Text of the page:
Matt Ingram

Most decorated Kiwi Paralympian still refining technique

With her longtime coach Roly Crichton taken ill and unable to travel to Tokyo, New Zealand’s most decorated Paralympic medal winner, Sophie Pascoe, has turned to High Performance Sport New Zealand’s Matt Ingram to coach her at the Paralympic Games.

Matt, a Performance and Technique Analyst with a background in biomechanics, has worked with Sophie since she was 13.

“We’ve been through a few cycles together. A lot has changed over the years,” Matt says.

He started out working purely on Sophie’s swimming technique.

“We are still always refining things, making sure no bad habits are creeping in. We still do regular filming and we’re still striving for optimal technique, speed and efficiency in the water. Roly is always striving for that optimal performance.”

Matt says his role has evolved with Sophie’s career.

“Sophie is a senior, very experienced athlete. Rather than purely a (Performance and Technique Analysis) provider, these days I act as someone to listen, see what is going well what isn’t and provide feedback to both coach and athlete to keep things on track.”

Matt also helps Roly and Sophie get what they need performance wise to get the job done.

He says that while COVID-19 has been hard for Sophie in some respects, and prevented any of the usual pre-Paralympics travel, it has enabled her to prioritise time at home in Christchurch.

“Sophie loves home, loves Christchurch, loves being here with her support team.”

She has a multi-disciplined support team in place, many of whom have been working with her for more than a decade.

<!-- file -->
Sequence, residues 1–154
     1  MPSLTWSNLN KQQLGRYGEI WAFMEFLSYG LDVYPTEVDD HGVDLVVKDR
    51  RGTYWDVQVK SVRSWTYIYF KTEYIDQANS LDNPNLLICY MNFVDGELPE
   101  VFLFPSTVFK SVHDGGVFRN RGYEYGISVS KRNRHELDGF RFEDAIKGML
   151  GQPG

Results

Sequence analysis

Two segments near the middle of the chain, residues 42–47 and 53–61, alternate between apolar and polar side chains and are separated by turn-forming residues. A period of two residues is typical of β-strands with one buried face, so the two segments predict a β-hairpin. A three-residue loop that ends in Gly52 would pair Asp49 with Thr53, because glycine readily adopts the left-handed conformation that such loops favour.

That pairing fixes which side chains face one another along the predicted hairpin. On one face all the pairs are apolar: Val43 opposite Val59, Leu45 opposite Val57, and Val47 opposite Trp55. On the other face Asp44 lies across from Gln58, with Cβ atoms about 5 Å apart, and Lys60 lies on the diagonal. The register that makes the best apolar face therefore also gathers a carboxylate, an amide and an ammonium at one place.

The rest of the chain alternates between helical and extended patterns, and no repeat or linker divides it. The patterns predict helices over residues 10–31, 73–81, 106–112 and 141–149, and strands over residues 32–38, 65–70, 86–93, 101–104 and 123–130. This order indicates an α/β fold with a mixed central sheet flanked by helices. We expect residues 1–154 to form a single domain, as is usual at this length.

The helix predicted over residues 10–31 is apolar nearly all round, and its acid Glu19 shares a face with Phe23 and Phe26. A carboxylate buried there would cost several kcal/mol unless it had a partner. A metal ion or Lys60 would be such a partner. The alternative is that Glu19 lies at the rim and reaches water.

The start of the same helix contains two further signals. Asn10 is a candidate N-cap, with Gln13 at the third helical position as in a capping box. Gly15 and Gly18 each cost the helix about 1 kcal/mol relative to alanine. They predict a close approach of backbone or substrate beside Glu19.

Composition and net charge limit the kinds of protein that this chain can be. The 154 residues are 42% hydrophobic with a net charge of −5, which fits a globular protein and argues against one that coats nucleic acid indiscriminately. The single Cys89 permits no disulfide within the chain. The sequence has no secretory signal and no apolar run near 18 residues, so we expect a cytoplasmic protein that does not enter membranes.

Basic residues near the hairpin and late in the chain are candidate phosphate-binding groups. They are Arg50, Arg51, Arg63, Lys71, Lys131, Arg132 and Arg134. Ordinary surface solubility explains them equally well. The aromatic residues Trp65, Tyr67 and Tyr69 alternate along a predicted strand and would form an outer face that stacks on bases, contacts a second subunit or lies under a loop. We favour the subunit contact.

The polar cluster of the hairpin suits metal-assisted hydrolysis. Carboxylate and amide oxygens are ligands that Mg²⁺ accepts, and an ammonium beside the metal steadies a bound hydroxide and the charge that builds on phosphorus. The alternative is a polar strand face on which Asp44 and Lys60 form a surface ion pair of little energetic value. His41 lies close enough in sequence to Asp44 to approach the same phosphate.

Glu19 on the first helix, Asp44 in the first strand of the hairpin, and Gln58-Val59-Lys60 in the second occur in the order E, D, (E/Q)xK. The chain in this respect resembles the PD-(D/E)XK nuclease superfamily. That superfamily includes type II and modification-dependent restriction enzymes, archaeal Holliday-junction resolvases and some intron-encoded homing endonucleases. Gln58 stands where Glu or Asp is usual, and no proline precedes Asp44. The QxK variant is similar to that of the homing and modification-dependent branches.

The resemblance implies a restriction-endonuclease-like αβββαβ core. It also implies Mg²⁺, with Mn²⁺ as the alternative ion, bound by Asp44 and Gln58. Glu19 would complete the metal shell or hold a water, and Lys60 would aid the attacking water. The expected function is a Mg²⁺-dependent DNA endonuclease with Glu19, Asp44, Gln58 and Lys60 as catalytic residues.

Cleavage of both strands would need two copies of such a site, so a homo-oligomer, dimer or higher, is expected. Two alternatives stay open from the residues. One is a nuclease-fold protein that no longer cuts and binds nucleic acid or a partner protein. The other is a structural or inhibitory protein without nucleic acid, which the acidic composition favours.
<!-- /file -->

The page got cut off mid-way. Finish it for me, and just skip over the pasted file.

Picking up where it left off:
The team includes Athlete Life Advisor Anna Simcic, Performance Physiotherapist Tamsin Chittock, Strength and Conditioning Specialist Simeon Joplin, Performance Psychologist Rod Corban, Performance Nutritionist Rebecca Cooke, Massage Therapist Hans Lutter and Dr Penelope Day.

“The support team always meet on a regular basis. All the providers have a good understanding of where she is at day to day or week to week.

“For example, working closely with Tamsin – what I am seeing in the water, Tamsin is often seeing on the table. How we affect change; it might be me reporting back to Tamsin and she will be doing that manual therapy to actually affect change so we can see the change in technique in the water.”

Matt says things have changed for Sophie in the buildup to Tokyo. Years of training and competition have been hard on her body, so the team have done things a bit differently this time around.

“We’ve focused on fewer sessions per week, less time in the pool. Just making adjustments to keep it fun and interesting. We often bring in different people as training partners – it’s so much easier to train when you have people to bounce off.”

That approach still enables Matt to observe the detail of Sophie’s technique and optimise her body position in the water.

“At race speed we still want her nice and high in the water to reduce the drag as much as we can.”

Matt is excited by opportunity to coach Sophie in Tokyo and the trust placed in him, having worked closely with her for so many years. He is looking forward to stepping up and getting the job done.

“Roly will still do the plan but it’s important that she has someone from her tight team with her in the heat of battle.”

In fact, Matt will be doing two jobs at the Paralympics.

“Normally I would go as a swim race performance analyst. I will fill also that role while I am there. So when Sophie is swimming my normal role would be to film the race, analyse it and review it between heats and finals. I will still be doing that for Sophie and for the other Para swimmers.”

But speaking as Sophie’s coach in Tokyo, Matt says Sophie is in good shape.

“We’re looking for medals. And there is no reason she can’t succeed. She’s in a really good space to swim well and be on the podium.”